In early 2019, the William Whitley State Historic Site was transferred from the Kentucky Department of Parks to the Lincoln County Fiscal Court. The Lincoln County Historical Society stepped up, through volunteers, to maintain and staff the William Whitely House and the Sportsman Hill racetrack. Twenty-eight volunteers worked as tour guides, gift shop associates, as cleaning and decorating crews and staff for onsite events. Volunteers continue to provide research and update tours and trainings to reflect best practices. The group works diligently to provide a high-quality experience through volunteer service, helping the Fiscal Court sustain the site.

 

Community Impact Award

Clay County Historical Society, Manchester, Clay County

The Community Impact Award is presented to an organization for providing long-term engagement and expanded access to history and the humanities through community work. The Clay County Historical Society has sustained 35 years of engaging work. This year, they opened a new exhibition, The Clay We Were Museum, worked with Clay County High School to sponsor a visit from the HistoryMobile and hosted workshops and programs for the community. They also partnered with the Manchester Tourism commission, Eastern Kentucky University Manchester campus, and grew their membership by over 100 new members. The Clay County Historical Society continues to bring the past alive for the entire county through strong partnerships with government, business, and community organizations.

 

Education Awards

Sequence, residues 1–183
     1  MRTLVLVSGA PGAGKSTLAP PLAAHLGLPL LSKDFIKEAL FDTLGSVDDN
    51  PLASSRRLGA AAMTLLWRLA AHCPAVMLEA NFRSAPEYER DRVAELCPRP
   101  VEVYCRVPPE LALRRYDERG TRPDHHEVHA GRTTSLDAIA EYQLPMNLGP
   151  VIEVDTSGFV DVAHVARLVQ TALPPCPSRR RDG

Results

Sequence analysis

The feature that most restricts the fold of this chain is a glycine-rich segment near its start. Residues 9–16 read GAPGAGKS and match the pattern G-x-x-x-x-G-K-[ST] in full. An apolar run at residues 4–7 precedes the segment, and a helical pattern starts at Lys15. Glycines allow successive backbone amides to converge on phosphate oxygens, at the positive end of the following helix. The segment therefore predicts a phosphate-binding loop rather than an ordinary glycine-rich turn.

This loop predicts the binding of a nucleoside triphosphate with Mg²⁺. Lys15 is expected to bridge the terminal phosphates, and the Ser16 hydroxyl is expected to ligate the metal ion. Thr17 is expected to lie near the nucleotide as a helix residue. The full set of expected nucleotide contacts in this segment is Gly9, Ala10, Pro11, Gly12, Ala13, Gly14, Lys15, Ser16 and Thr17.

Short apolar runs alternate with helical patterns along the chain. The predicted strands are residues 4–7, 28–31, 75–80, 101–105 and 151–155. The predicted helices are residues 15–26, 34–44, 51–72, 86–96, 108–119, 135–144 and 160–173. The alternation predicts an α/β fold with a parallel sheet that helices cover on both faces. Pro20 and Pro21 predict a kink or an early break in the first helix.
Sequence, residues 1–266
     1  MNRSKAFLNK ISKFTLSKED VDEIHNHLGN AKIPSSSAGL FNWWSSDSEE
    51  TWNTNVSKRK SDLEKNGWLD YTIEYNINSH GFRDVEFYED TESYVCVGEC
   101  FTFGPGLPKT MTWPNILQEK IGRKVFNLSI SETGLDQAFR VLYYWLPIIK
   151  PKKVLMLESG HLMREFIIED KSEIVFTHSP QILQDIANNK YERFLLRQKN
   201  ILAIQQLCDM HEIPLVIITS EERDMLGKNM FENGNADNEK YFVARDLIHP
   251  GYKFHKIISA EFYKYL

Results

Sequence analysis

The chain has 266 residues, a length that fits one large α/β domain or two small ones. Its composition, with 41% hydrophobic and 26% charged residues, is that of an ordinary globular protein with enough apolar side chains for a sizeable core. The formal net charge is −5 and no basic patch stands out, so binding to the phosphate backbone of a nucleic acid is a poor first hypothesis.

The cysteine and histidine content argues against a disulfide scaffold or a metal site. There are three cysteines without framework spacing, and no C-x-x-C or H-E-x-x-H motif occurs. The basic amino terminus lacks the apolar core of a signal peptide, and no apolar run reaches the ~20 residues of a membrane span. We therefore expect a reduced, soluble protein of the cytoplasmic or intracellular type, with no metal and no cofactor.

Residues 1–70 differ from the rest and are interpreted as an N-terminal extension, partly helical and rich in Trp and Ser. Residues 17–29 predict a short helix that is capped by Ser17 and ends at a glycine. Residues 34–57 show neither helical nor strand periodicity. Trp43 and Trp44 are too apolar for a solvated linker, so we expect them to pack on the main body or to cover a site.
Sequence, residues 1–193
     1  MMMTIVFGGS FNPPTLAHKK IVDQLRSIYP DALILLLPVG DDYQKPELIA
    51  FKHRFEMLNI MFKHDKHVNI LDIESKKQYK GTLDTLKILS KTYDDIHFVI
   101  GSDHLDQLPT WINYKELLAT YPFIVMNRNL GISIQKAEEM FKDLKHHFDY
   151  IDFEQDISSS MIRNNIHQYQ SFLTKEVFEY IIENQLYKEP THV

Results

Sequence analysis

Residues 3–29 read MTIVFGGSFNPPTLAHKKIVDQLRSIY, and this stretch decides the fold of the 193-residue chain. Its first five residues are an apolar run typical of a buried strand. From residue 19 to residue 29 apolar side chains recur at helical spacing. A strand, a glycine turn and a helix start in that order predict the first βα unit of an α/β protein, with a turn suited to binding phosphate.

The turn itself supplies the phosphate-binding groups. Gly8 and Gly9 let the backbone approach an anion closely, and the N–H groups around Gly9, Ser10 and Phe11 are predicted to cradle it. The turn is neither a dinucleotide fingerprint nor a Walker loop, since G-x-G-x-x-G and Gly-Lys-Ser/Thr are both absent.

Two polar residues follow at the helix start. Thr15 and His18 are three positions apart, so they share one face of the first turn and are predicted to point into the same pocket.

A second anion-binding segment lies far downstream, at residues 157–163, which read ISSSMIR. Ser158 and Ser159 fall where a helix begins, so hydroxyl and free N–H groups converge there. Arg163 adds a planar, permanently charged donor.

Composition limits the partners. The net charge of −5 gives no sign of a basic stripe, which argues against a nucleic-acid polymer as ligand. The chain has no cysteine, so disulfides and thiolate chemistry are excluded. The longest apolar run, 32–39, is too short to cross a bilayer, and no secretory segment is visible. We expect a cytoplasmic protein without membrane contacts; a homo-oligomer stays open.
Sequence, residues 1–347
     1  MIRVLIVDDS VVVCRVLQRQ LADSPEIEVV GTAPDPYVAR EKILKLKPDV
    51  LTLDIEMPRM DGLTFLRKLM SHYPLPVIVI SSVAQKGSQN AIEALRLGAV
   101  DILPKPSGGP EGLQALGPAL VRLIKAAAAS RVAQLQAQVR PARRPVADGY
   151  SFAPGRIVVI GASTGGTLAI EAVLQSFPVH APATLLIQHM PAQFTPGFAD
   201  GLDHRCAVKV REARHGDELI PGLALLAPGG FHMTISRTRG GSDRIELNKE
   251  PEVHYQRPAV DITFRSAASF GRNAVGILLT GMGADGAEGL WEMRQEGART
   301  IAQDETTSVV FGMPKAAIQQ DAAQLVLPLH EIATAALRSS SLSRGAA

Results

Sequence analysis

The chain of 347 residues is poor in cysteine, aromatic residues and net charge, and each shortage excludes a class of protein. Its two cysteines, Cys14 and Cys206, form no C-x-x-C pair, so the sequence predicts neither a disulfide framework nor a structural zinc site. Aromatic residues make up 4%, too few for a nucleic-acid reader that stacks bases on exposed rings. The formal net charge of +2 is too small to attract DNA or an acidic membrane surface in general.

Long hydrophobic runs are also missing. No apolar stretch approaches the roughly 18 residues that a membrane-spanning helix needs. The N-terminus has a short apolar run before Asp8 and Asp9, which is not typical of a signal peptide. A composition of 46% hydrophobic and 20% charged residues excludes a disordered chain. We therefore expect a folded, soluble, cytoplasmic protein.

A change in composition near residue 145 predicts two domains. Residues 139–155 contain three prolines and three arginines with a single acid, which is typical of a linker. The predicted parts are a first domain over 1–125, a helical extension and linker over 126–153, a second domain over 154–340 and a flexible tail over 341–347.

Gilder Lehrman History Teacher of the Year Award

Jami McCoy Allen
Eastern High School, Louisville, Jefferson County

Jami McCoy Allen has been in the classroom for over a decade and holds two master’s degrees from the University of Louisville, one in teaching secondary education and the other in early American history. Allen is passionate about inquiry teaching and sees it as promoting the complexity of student thinking. She believes that by allowing students to question and pursue their “own” learning, they become adept at locating and evaluating primary and secondary sources, more confident in expressing their own opinions, and show sustained interest in classroom learning.

Inaugurated in 2004, the History Teacher of the Year Award highlights the crucial importance of history education by honoring exceptional American history teachers from elementary school through high school. The award honors one K-12 teacher from each state, the District of Columbia, Department of Defense schools and U.S. Territories. In fall 2020, the National History Teacher of the Year will be selected from the pool of state winners.

 

Programming Award

“Journey to the Vote”
Western Kentucky University & community partners, Bowling Green, Warren County